water and wuwei in the Daodejing

Richard Brown
2 min readFeb 7, 2024

The stunning rivers, streams, and waterfalls in Taroko Gorge this morning set me off thinking about the close connection between the ideas of water and wuwei, or effortless action, in the Daodejing. Here are some of the parallels that can be drawn between them.

Water is so flexible that it can flow around any obstacle and adapt to the shape of any container storing it without losing its essential nature. This quality mirrors the principle of wuwei, which calls for a spontaneous and fluid approach to life that is in harmony with the natural flow of the Dao. Just as water effortlessly shapes itself to its environment, you too should be willing to adjust your actions based on the needs of each specific situation.

Even though water is soft and yielding, it possesses the persistence and strength to erode the hardest rocks and tallest mountains over time. In the same way, you can accomplish far more through gentle persuasion and patience than by pushing people until they drop and forcing them to carry out unreasonable tasks.

By naturally flowing to the lowest and foulest places, water exemplifies the importance of humility in leadership. Showing that you are willing to get your hands dirty, so speak, is a far more effective way of motivating your team than hitting them with a constant barrage of emails or phone calls. Actions speak far more eloquently than words!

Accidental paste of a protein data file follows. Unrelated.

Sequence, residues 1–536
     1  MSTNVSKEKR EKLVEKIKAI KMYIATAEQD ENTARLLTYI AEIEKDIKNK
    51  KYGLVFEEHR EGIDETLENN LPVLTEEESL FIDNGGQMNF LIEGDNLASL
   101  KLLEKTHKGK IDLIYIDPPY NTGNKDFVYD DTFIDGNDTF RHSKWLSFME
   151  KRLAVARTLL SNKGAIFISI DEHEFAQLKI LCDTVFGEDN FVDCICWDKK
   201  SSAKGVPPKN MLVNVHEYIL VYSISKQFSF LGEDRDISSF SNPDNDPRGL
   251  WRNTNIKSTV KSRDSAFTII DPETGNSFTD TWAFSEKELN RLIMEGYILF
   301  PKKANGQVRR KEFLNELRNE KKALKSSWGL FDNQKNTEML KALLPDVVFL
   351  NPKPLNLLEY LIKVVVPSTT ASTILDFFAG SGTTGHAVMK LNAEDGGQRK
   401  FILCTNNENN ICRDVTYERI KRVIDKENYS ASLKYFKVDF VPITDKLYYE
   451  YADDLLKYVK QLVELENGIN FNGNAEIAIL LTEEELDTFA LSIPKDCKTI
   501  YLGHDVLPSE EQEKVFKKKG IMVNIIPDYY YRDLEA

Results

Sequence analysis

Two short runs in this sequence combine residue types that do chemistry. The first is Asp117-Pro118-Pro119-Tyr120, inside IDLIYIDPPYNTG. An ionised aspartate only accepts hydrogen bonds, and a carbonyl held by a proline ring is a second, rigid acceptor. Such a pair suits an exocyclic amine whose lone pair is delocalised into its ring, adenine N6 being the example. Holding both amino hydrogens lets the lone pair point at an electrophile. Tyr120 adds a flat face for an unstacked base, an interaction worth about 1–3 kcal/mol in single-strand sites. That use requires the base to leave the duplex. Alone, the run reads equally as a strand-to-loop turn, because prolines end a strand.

Just as water is essential for all life, nourishing everything without striving or contention, wuwei means working for the benefit of everyone without discrimination or expectation of reward. By enabling your team members to grow and flourish, you too will thrive and prosper. Wuwei is not a zero-sum game. It is a win-win for everyone.

By operating quietly in the background without demanding recognition or reward, water and wuwei show that true strength and success come from embracing softness, flexibility, humility, and the natural flow of life. You can achieve far more by letting things take their course rather than relying on raw power and brute force to push through your own agenda.

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Richard Brown

I live in Taiwan and am interested in exploring what ancient Chinese philosophy can tell us about technology and the rise of modern China.